Performances teem with life
AN army of insects is infiltrating Australia but these ones you won’t want to eradicate. Ladybugs, crickets and scarab beetles are among the critters that have immigrated with renowned performing troupe Cirque du Soleil, and they’re all interested in one thing – an egg.
This egg has been introduced to their world by a foreign fly in the latest Cirque show to open in Australia.
The show OVO, which means egg in Portuguese, portrays a day in the life of insects.
The three main characters are a voluptuous ladybug, a bright green beetle and the spiky blue fly that carries the huge egg.
For the insects, the egg represents food, love, reproduction and life, and it triggers curiosity among them.
OVO has already been touring internationally for three-and-a-half years after premiering in Montreal, Canada, in May 2009.
Artistic director of OVO, Marjon Van Grunsven, from Holland, says during the early stages of the production the cast would watch films and visit insectariums to learn how insects move.
Because of the variation of characters, Van Grunsven, 40, doesn’t put a label on the performers’ style, instead describing the movements as eclectic.
‘‘If you take our butterflies, it’s a wonderful love duo that is done by this duo in the air on a rope,’’ she says.
‘‘They’re very lyrical, they’re very beautiful and soft and tender and they’re in love.
‘‘But then if you take a cricket, they’re jumping three times their own height, and they’re trampolinists and they move differently, so they’re more sharp in their angles. ‘‘Or if you take a scarab, they’re supposed to be our warriors, they protect the community of insects . . . when they come out on stage you go ‘oh my god, they’re scary’.’’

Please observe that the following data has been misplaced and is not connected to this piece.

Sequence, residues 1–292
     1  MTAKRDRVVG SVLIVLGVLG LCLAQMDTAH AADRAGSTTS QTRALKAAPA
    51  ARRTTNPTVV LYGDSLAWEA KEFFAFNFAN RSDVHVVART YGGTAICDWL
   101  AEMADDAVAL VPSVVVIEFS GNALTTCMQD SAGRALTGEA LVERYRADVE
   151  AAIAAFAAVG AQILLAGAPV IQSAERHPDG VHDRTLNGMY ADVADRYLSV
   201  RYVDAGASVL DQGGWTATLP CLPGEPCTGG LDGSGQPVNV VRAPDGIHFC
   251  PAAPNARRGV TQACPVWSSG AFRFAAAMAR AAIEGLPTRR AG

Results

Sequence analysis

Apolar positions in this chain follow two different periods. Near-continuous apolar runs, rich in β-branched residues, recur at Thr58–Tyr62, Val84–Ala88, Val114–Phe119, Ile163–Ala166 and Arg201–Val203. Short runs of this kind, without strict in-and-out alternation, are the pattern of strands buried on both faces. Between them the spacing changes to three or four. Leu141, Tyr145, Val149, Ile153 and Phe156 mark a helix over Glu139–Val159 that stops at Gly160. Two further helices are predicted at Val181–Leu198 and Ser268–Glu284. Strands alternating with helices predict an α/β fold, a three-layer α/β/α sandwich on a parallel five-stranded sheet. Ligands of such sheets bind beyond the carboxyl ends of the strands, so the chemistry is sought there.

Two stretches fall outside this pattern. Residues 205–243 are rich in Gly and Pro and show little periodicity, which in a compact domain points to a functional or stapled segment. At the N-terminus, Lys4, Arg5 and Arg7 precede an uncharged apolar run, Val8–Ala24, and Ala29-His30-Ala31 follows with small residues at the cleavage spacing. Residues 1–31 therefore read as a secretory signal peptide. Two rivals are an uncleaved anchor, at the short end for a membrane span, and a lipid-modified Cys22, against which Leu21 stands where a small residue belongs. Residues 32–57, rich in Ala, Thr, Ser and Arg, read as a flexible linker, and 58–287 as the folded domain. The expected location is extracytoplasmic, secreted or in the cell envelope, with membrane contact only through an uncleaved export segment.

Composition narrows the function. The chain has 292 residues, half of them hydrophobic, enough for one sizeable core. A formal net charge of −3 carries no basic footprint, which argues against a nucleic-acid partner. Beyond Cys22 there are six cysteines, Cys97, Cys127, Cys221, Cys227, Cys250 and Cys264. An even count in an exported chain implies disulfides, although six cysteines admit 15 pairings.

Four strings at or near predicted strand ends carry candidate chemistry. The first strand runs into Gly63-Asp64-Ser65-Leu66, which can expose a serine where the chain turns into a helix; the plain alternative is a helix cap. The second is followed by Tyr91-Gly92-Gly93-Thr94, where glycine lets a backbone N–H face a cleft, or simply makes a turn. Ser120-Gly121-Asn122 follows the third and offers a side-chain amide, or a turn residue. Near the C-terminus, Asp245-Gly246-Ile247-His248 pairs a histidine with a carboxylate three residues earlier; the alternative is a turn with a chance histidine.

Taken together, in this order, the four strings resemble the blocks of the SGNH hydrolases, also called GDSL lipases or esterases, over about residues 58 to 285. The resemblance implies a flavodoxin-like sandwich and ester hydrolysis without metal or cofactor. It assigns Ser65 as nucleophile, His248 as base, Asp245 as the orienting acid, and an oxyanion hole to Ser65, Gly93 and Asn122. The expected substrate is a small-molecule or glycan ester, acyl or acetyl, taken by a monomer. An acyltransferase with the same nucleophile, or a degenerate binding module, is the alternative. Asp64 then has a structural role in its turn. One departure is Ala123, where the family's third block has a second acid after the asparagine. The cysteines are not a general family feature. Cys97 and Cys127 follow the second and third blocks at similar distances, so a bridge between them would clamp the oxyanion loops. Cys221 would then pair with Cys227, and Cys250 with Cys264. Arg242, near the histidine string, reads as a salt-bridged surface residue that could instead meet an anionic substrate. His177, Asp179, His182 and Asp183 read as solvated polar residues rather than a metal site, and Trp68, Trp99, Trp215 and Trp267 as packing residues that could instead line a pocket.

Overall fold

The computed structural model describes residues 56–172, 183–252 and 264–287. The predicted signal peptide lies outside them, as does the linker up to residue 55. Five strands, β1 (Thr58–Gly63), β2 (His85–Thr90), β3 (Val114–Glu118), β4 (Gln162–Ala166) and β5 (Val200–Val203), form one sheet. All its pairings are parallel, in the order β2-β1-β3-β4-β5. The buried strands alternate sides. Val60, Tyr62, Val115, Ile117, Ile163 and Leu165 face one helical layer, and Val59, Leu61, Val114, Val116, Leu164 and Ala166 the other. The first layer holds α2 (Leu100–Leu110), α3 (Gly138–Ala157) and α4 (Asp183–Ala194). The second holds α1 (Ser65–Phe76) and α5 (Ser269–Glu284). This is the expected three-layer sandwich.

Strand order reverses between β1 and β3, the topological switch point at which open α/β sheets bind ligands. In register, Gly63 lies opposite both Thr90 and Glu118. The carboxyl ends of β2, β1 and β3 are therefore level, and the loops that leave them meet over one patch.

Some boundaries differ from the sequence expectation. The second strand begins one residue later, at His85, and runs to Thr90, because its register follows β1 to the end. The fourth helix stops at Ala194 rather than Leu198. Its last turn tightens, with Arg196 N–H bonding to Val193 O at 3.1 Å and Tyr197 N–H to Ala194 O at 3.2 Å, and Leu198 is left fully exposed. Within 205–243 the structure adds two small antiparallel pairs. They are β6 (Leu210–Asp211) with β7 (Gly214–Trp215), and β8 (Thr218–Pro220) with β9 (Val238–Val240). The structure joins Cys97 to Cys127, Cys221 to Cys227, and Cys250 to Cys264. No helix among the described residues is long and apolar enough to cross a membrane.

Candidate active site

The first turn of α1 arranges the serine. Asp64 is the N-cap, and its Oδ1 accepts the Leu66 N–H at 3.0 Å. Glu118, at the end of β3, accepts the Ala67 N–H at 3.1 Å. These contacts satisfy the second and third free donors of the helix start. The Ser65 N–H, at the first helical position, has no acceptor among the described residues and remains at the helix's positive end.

At the start of the production, Van Grunsven says the artists were really young in their performing abilities, despite being acrobatic stars.
‘‘The performing artistic abilities had to grow, we had to work with that and still do every day – we remind them ‘hey, you’re not a person, you’re an insect’.’’
There are 54 artists and 12 artistic staff working on OVO, with 126 people involved in the show altogether.
Among the 54 artists there are 16 nationalities, something Van Grunsven appreciates.
‘‘I love the variety of things,’’ she says of Cirque. ‘
‘I love the variety of the nationalities within the cast and the teams you’re working with; I love the incredible excellence of each performance every day.’’
There are eight to 10 shows a week and Van Grunsven says by watching audience reaction overseas she has found OVO is liked by young and old.
‘‘I can’t wait to see the Australian audience . . . because it’s really an exchange between the audience and the cast and everything that’s happening . . . it doesn’t depend on the audience but it’s great when there’s a chemistry between the two.’’
Van Grunsven has been touring with Cirque since April 2007, and has been on the road working as a contemporary jazz dancer and choreographer since she was 19 years old.
Her role with OVO is to watch the shows and decide whether they can be improved or whether something needs to be ‘‘shaved’’ to keep them fresh.
‘‘It’s an ongoing, very creative process where we keep challenging each other and ourselves every day to put the best product on the stage,’’ she says.
That product includes the fantastic costumes, created by Liz Vandal, from Montreal. Along with the aforementioned insects, Vandal created spider, flea and ant costumes, and while doing so came across hurdles.
‘‘She started drawing and we looked at the drawings and we’re like, ‘OK, this is great, let’s try this’,’’ Van Grunsven says, ‘‘and then you put a costume on a performer that has to do a triple salchow off a 20-foot wall and, ‘Ah, OK, so that doesn’t work’.
‘‘So then you have to adjust it and you have to keep adjusting until it’s perfect.’’
Cirque du Soleil’s plays Brisbane until September 2.
Some of the stars of